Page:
Not that that song is entirely goregrind, it's not, but it's still mostly goregrind. There's also that it's just really badly made even by goregrind standards, but I mean, I was 15 and not even taking it seriously...
I don't really think all music has to emotional to be good or even worth listening to, but my original comment was simply that I had a hard time understanding what kind of emotions "Human Being" was supposed to make me feel. I didn't even get that it was supposed to be "aggressive", as you put it. And even after I've learned that your grindcore piece was made for the purpose of being "loud and aggressive", I still can't relate to it. It just doesn't do anything for me.

Some of the people I know say I like music that makes people fall asleep. I do like to put my headphones on and listen to M83 when I'm in a van and I'm feeling drowsy because I can just close my eyes and rest to it, but the stuff I listen to on the radio doesn't make me want to fall asleep. All of these people like rap and R&B, to give you an idea of where they're coming from.

As for grindcore, I had this discussion with someone on the NYRA forum many years ago. He was explaining how he was a nerd, and as evidence of his nerdiness, he said, among other things, that he played in a grindcore band in which the lyrics consisted of him yelling out the word "penis".
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Re: Conlang YouTube, Metal Music, Emotions, Etc. [Split]

Post by Khemehekis »

Salmoneus wrote:
20 Feb 2020 18:15
However, people may often claim to not be in control of themselves, because they're bluffing. If someone says to you, "if you come near me I'll kill you, I can't help myself", what they're really saying is "I am so irrational that if if you do something I don't like, I'll become violent even if it's not in my rational interests - so don't think you can game me!", which is a powerful negotiating tactic (it's North Korea's, and now America's, foreign policy). But people who ACTUALLY suffer complete psychotic breaks in a predictable way like that are vanishingly rare.
Yes, this was the theme of the fable of The Fox and the Scorpion.

Reminds me though, of the games my sister used to play with me when I was little. She played the good guys, and would appoint me to make up a really evil villain. I didn't know what a good bad guy would be like, so I would just cachinnate maniacally and shout, "I shall destroy the world!"
Salmoneus wrote: Likewise, rock'n'roll is historically a subgenre that (mostly) branched out of European classical music, but most pop music fans don't say they're fans of classical music.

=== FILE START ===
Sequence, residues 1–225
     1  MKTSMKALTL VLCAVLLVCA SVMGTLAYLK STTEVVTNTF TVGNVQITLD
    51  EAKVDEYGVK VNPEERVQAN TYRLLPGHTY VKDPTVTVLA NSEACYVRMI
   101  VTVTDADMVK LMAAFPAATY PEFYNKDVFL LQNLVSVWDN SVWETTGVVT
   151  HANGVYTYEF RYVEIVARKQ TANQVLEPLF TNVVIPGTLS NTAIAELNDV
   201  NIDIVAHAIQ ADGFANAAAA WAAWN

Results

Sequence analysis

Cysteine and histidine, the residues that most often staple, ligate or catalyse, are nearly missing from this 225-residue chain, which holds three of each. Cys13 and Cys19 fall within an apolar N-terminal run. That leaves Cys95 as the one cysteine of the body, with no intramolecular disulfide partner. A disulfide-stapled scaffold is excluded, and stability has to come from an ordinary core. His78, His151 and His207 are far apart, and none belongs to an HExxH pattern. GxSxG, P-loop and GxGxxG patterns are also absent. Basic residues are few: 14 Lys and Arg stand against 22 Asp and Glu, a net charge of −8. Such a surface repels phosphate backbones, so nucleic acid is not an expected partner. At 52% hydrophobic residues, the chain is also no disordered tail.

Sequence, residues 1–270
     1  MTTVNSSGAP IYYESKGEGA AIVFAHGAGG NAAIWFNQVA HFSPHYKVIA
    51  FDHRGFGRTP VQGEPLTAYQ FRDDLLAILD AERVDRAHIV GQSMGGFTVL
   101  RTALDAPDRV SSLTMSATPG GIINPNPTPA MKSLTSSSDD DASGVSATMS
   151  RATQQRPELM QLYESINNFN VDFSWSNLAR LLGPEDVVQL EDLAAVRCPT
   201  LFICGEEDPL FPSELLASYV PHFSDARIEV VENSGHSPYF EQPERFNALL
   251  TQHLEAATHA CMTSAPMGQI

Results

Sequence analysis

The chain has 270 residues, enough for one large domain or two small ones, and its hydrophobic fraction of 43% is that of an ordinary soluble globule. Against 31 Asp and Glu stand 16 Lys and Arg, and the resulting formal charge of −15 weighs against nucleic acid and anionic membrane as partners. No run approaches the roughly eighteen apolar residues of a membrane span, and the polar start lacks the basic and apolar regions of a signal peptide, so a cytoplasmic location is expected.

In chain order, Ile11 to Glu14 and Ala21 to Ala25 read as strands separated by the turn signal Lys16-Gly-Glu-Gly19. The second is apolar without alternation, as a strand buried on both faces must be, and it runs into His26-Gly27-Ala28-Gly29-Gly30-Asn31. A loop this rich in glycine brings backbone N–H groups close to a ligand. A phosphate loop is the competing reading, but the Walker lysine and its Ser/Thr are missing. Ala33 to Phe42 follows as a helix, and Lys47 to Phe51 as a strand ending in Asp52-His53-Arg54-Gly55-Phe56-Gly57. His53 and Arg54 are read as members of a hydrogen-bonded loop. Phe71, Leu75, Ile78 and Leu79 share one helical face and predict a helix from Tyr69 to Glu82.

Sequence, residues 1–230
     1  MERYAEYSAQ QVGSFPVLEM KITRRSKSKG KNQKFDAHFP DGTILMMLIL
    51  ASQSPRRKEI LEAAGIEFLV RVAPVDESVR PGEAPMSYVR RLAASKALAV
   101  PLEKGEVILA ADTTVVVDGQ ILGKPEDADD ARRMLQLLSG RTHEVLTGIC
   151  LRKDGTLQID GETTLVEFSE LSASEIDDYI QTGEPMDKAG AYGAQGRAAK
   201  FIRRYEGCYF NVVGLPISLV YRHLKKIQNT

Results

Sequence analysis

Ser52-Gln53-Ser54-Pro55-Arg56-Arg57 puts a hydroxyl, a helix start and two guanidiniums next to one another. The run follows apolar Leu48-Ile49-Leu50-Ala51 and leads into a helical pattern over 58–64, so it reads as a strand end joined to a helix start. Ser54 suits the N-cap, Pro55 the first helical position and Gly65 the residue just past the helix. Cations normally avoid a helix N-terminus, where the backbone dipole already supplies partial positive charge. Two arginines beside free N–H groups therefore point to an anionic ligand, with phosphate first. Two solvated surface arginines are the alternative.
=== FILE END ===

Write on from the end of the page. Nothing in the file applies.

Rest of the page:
Now, I'd always read that rock-and-roll grew out of jazz, blues, and other forms of music that originated among African-Americans (and often other Americans) from African music . . . and out of folk music (and there's folk all over the world). Did classical have a hand in it too?

Salmoneus wrote:
Vlürch wrote:
Salmoneus wrote:
17 Feb 2020 23:08
Just to broaden your horizons a little bit: I've heard the Beatles and Jimi Hendrix, and I've heard OF Taylor Swift, though I'm not aware of having actually heard any of her music. But I haven't heard of anybody else talked about on this thread.
[:O]
Because I thought it would be obvious, but clearly wasn't to Khemekis: when I said 'on this thread', I really just meant 'in this current discussion', I hadn't gone through every post ever posted in this thread. Several of Khemekis' people I have indeed heard of (although very few have I knowingly heard anything by).
I don't know how Vlürch read this, but as for me, I interpreted "in this thread" to mean everything in the conversation that a mod was nice enough to branch off as "Conlang YouTube, Metal Music, Emotions, Etc. [Split]". All of the bands I YouTube-linked in my February 17 post have been mentioned (mostly by me, such as this post) in this thread since Vlürch's January 10, 2020 post. As opposed to all posts in the entire "(EE) Q&A Thread - Quick questions go here" thread dating back to this eldin raigmore post.
Salmoneus wrote:Well, I'm glad you like it. But I can't help but think of O'Briain's line about how whenever he hears people talking about what the best film ever made is, he's reminded of his children saying "no, Stegosaurus is the best dinosaur!"
The points being that (1) taste is subjective, and (2) Stegosaurus is one of the few dinosaurs that almost everyone in the modern world has heard of? Great quote, though.